Preparing these tables required accurate sailing tables for both the United States Mail Steamship Company (USMSSCo.) and the Pacific Mail Steamship Company (PMSSCo.). For the latter line, the tables were fairly easy to put together; the arrivals and clearances at San Francisco and Panama are the relevant data, although stops were often made at a number of other ports. In comparison, the USMSSCo. sailing tables required many hundreds of hours of labor and are quite complex. While some of the steamships of this company ran directly between New York and Chagres, others ran from New York to New Orleans via Havana with a second connecting steamship from Havana to Chagres. Later a line direct from New Orleans to Chagres was put in place. In addition, the steamships of this line were often shifted to different branch lines. The arrival and clearance dates at Chagres are the most difficult to find and these account for half the dates in the Postmaster Generals’ Order Books. The dates given in the Postmaster Generals’ Order Books fit the steamship clearing and arrival dates quite well, however this data alone would not be conclusive if it were not supported by data from other independent sources. These sources are, for the most part, found in the newspapers of the day, when it was not unusual to include the mail agent’s name and position in the list of arriving passengers, or in the headlined article that announced the arrival or departure of one of the California steamships. The New York Herald has been the most useful in this respect. The Panama Star also often mentioned the mail agents, although not always in glowing terms. The Alta California was another useful source for mail agent information. After using the Postmaster Generals’ Order Books to produce a set of tables for the mail agents’ trips, the supporting evidence from newspapers invariably confirmed the agent’s name and the steamship name.
Abbreviations used in these tables are: AC-Alta California; BR-Bruff, Gold Rush, Journals;4 NYDT-New York Daily Times; NYDTr-New York Daily Tribune; NYH-New York Herald; P-prior to the date given; PE-Panama Echo; PMGO-Postmaster Generals’ Order Books; PS-Panama Star; NA-Not Applicable.
A date format such as 12/9*/49 means the clearance or arrival of the steamship has been found reported on December 9, 1849 and the day following. This was sometimes the case when a ship arrived in the roads one day and then came to her wharf the following day. The same situation might occur when a steamship departed.
Dates can also be confusing because onboard ship time and land time differed by 12 hours. When a ship left port its chronometer was carefully set to local time. Later, aboard ship, as the sun reached its maximum height in the sky, which was noon at that location, the time was recorded. The difference between this time and the chronometer’s time at noon gives one the difference in longitude. Every hour in difference meant a 15 degrees difference of longitude. The latitude was simply the pole star Polaris’ angle above the horizon. These two values gave the ship location and the ship’s new day started at this time. For example, if the date normally became July 18 just after midnight, on-board ship time did not record the date as July 18 until noon.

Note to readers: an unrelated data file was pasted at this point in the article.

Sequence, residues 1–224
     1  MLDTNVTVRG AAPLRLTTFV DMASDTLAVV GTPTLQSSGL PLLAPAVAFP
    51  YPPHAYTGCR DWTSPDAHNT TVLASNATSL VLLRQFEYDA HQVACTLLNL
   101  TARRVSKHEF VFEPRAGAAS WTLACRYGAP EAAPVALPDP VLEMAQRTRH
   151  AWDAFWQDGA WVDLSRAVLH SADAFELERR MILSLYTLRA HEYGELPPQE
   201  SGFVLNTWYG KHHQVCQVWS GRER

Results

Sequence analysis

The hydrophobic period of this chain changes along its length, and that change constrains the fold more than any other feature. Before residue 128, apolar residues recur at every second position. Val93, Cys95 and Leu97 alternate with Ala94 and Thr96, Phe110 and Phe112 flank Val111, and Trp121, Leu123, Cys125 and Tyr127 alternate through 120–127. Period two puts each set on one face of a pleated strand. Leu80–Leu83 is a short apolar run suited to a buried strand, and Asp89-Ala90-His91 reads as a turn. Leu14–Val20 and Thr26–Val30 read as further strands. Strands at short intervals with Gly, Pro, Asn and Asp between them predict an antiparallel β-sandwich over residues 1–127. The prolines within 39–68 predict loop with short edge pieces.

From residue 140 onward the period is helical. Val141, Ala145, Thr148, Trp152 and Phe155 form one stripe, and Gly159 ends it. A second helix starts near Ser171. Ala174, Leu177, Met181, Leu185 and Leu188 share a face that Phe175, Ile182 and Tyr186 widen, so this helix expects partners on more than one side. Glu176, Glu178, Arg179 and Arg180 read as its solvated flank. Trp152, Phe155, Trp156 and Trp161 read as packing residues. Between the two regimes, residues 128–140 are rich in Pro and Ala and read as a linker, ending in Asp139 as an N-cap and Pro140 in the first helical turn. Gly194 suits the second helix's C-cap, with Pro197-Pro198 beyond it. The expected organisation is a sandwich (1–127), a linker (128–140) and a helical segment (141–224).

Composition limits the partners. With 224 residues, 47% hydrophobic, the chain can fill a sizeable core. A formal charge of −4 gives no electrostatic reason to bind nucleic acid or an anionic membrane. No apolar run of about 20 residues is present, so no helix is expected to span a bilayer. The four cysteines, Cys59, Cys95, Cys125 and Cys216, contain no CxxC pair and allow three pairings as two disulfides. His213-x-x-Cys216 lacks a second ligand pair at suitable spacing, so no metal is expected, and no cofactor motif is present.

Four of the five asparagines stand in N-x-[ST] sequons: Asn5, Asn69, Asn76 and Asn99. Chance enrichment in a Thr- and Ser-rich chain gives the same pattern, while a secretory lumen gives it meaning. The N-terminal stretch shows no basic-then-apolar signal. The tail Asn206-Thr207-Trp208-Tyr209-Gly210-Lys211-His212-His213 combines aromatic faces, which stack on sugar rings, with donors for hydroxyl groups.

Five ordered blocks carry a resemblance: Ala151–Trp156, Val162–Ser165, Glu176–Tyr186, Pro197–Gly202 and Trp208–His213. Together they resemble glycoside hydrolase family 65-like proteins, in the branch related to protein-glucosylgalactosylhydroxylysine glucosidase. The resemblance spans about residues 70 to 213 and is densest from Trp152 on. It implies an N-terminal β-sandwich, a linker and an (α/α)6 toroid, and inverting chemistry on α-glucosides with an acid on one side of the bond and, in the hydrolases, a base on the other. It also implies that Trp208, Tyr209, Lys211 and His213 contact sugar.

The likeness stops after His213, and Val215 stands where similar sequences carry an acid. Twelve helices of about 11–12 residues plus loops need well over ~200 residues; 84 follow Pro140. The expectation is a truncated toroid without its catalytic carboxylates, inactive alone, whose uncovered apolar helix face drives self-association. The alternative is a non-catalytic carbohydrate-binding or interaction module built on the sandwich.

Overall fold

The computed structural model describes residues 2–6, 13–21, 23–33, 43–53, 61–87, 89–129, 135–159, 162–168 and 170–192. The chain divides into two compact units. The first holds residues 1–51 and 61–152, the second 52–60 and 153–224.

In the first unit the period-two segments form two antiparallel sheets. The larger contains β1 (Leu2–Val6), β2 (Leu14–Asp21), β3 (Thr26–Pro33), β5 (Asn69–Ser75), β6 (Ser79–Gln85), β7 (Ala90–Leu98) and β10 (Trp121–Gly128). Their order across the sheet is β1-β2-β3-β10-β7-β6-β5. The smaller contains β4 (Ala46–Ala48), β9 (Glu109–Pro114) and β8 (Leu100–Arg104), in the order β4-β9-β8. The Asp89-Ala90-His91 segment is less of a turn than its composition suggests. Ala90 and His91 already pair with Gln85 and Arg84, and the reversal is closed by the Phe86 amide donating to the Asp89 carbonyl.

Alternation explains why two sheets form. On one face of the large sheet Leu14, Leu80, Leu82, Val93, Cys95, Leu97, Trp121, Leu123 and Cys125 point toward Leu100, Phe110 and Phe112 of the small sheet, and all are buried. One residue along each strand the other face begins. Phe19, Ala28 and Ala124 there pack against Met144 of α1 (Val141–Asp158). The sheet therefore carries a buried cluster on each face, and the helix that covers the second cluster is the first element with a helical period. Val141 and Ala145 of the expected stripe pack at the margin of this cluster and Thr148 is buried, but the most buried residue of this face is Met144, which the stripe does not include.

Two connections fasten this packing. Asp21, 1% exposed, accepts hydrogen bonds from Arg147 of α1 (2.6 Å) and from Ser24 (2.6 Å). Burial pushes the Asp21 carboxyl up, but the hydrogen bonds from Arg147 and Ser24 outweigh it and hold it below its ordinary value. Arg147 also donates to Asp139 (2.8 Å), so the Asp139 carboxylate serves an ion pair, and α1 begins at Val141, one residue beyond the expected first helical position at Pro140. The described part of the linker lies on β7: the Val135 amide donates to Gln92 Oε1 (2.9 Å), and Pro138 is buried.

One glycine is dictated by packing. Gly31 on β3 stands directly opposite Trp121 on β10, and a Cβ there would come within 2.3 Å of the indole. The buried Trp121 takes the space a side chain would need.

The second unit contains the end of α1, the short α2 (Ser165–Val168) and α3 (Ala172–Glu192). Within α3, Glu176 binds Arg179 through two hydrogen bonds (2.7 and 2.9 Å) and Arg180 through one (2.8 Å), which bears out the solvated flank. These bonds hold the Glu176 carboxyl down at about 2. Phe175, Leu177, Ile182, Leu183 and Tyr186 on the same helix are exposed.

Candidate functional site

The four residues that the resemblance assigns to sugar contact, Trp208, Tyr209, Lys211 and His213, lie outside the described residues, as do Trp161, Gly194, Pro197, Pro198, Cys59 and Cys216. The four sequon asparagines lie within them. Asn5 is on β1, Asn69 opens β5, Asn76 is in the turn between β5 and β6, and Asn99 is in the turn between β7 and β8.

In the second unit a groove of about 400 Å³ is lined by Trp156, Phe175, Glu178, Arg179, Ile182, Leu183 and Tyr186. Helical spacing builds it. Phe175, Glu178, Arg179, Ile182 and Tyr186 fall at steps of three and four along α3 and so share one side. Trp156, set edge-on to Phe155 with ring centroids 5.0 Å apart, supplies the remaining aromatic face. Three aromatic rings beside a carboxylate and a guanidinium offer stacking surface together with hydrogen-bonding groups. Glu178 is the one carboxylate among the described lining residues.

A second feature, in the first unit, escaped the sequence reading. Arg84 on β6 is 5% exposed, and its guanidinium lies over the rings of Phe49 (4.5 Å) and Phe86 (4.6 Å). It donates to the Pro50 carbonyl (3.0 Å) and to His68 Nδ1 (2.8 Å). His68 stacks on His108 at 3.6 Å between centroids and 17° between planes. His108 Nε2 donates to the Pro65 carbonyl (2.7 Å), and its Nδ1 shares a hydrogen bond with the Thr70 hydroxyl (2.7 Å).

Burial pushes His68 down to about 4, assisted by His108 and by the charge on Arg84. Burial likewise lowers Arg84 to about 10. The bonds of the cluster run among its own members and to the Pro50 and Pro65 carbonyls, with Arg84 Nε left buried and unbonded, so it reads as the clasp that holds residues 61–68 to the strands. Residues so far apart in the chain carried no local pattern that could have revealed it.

Finally, it may be useful to comment on the relationship between the trip tables and the sailing tables in United States Incoming Steamship Mail, 1847-1875. In general, trips found in those sailing tables that are not included in the mail agent trip tables did not carry a regular mail. Dates found in the mail agent trip tables that are not found in or differ from those in Incoming Steamship Mail’s sailing tables should be considered an update to those sailing tables. The column “PMGO on Isthmus” was specifically added for this purpose. Those dates are as accurate as a reference in a newspaper. They are especially valuable because they are often the most difficult dates to find in contemporary newspapers.
A folded letter inscribed “Pacific S. Ship. Way/San Francisco, Feb 2.” The manuscript marking was written by mail agent James B. Devoe onboard the steamship Panama, which departed San Francisco February 1, 1850 and arrived at Panama on February 23. Devoe boarded the Georgia at Chagres, which cleared February 27 and arrived at New York on March 8. The New York post office applied the straightline STEAM/SHIP and manuscript “40” Pacific Coast rate.
A folded letter inscribed “U S M Stmr California/From San Francisco 1 July”. This is the first in a series of five covers and one cover front, all inscribed by Henry D. Beach on his one trip as a mail agent in 1850. Beach departed San Francisco on July 1, 1850 aboard the California, and arrived at Panama on July 20. He crossed the Isthmus of Panama and boarded the Georgia, which cleared Chagres on July 26 and arr